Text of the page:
Lineage 2 Art...

Versus Aion Art...

As I have already mentionned, the game was released one year ago in Korea, and is only being released now in the NA/European market. I tend to think it's a very clever move from Ncsoft and it prooves they have a very good knowledge about the main differences between the Asian and the NA/European market. I'm pretty sure that Aion 1.0 would not have been as successful in occident, as might be Aion 1.5 as a release. I remember when Linage 2 was released, just after the open beta : the game was empty. It's not like there was no quest to do past a certain level, there was no quest at all, nor were the textures for most of the armors implemented, nor the skills past a certain level, and not even the castle sieges that were supposed to be the center of the game. I remember at that time, everyone thought it was normal : it was a MMO, the game was just being developped continuously, better and better stuff was meant to come.

We, as players, have changed so much. We all know that nowadays such a release would be more than catastrophic. As noone tolerates anymore a game without an 'end-game', how many people would tolerate a game released without either an endgame nor the second half of its leveling ladder being complete ? And like Lineage 2, not to the same extent however, it's a little how Aion 1.0 looks like : you start to be short on quests past level 25 and have to start grinding mobs as an example. Even if I don't mind at all teamplay grinding, when the game has been thought and designed toward questlines that would be very unpopular in a new MMO today.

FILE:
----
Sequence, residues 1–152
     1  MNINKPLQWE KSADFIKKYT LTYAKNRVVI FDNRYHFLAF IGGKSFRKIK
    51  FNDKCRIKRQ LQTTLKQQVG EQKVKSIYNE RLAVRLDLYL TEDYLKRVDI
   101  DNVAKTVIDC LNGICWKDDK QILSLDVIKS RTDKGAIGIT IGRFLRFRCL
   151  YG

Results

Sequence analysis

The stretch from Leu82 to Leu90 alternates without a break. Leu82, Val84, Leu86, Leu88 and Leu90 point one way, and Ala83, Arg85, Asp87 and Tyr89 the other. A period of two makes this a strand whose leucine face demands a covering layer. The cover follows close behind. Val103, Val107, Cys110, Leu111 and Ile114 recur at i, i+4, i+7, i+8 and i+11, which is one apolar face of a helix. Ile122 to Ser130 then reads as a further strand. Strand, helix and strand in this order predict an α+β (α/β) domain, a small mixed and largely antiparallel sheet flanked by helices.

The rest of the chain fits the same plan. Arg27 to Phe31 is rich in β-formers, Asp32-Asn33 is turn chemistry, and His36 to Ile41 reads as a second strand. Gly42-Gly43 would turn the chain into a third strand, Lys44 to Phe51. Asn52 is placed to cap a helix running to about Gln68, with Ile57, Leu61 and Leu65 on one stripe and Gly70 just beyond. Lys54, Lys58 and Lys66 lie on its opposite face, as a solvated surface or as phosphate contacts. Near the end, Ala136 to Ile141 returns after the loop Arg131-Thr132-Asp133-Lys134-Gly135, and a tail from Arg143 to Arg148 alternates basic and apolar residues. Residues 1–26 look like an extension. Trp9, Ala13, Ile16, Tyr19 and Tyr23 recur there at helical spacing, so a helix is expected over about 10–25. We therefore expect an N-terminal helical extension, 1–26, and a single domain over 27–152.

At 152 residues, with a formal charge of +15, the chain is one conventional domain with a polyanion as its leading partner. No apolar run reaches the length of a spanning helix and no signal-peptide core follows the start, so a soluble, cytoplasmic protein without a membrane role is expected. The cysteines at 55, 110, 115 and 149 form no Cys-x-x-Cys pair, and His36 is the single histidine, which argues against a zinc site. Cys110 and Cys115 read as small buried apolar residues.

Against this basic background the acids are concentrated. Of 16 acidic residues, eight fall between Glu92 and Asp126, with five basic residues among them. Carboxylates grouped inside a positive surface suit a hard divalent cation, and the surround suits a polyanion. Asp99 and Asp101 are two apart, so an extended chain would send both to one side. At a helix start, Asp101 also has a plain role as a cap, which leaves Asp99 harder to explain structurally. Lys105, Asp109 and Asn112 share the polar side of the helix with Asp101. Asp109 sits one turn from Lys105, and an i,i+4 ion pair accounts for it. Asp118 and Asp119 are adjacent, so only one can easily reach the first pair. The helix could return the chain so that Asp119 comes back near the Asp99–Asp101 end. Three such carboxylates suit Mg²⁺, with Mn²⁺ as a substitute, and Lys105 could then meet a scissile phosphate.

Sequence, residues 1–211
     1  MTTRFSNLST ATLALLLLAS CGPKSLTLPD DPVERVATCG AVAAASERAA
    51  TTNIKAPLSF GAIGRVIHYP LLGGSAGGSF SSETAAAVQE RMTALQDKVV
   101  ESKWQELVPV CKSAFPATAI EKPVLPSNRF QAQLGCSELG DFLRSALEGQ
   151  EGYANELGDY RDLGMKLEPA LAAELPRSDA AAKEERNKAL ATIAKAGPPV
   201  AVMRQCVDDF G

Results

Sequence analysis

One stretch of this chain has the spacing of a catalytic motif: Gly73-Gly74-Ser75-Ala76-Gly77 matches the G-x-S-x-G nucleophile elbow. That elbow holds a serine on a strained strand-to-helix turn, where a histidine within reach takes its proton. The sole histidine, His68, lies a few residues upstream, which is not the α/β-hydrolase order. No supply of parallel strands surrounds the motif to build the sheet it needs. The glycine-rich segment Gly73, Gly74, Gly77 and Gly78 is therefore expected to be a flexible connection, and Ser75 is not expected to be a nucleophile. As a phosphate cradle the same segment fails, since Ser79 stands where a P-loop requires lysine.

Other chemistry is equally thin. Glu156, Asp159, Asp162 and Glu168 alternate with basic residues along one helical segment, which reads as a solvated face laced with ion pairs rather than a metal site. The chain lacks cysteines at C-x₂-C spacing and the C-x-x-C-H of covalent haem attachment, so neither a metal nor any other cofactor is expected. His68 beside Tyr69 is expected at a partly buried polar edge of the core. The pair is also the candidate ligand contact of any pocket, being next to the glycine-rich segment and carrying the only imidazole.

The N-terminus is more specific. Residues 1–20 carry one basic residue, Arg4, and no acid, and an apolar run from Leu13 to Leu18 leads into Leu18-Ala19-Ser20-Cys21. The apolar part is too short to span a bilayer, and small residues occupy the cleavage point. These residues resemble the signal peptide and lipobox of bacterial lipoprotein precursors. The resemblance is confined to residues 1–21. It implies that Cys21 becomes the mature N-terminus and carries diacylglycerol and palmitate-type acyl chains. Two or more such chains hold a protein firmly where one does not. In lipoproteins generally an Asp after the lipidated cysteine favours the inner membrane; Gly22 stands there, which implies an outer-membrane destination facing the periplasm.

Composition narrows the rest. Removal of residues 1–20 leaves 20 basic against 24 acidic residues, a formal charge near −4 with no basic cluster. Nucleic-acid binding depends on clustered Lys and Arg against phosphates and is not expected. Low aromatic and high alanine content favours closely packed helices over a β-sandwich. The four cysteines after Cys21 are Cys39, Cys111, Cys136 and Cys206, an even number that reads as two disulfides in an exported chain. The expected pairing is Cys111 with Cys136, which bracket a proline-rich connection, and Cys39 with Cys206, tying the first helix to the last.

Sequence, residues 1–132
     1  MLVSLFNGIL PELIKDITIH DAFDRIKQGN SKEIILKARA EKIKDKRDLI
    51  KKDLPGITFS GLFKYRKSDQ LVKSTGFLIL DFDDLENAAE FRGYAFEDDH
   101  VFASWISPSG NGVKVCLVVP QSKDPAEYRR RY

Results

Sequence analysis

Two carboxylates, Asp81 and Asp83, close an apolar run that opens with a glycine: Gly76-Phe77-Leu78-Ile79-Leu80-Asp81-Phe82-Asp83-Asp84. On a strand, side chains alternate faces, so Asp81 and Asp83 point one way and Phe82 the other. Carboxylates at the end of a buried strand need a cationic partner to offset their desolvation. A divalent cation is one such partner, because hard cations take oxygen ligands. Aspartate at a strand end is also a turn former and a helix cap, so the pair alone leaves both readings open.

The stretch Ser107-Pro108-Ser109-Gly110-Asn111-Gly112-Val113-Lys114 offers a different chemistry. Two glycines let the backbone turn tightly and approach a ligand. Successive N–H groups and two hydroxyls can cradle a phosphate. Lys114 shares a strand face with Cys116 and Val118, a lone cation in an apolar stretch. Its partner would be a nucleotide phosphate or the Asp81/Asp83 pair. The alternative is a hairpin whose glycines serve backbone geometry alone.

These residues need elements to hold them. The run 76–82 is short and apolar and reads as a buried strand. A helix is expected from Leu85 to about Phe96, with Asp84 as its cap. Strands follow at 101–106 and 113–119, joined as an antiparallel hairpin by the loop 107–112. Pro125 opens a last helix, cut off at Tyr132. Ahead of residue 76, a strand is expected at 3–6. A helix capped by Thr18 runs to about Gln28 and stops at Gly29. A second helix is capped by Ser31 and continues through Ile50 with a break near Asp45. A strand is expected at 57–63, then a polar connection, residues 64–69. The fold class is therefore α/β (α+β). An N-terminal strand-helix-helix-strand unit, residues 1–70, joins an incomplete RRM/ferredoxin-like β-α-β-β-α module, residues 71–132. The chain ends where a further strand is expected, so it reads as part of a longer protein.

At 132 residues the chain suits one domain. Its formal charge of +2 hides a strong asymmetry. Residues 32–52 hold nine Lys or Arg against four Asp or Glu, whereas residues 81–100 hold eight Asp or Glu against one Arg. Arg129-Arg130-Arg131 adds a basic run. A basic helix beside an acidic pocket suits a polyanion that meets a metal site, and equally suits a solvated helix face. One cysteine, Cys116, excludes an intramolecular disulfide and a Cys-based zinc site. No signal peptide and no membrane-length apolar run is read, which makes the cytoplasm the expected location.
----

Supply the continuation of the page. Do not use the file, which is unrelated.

Ncsoft decision to push back the game only for the NA/European release tends to show they think that koreans and asians are still more tolerant toward early MMO releases : they can stand with the game being not complete, provided they like the graphics and the main mechanics being developped. It's obviously not the case for us. Where does the difference come from ? Probably most of our playerbase has gone through WoW, or some of us even discovered the MMORPG genre with WoW, and got entirely accustomed to its content standing. While most of the asian playerbase has gone first through the Lineage series, Ragnarok and a few other games less known in occident which were hugely successful there, games that never followed the 'WoW model', at least in terms of quantity of content present at the release. So for sure, releasing the game with one full year of content added is the right move to secure its launch in occident, and considering such petty matters than the monetary change rates, they have probably more money to make with a solid north america and european release, than with their asian version of the game (petty for us at first sight, not for them indeed as at the end of the day, their number of subscribers will dictate the future of both their game and their team).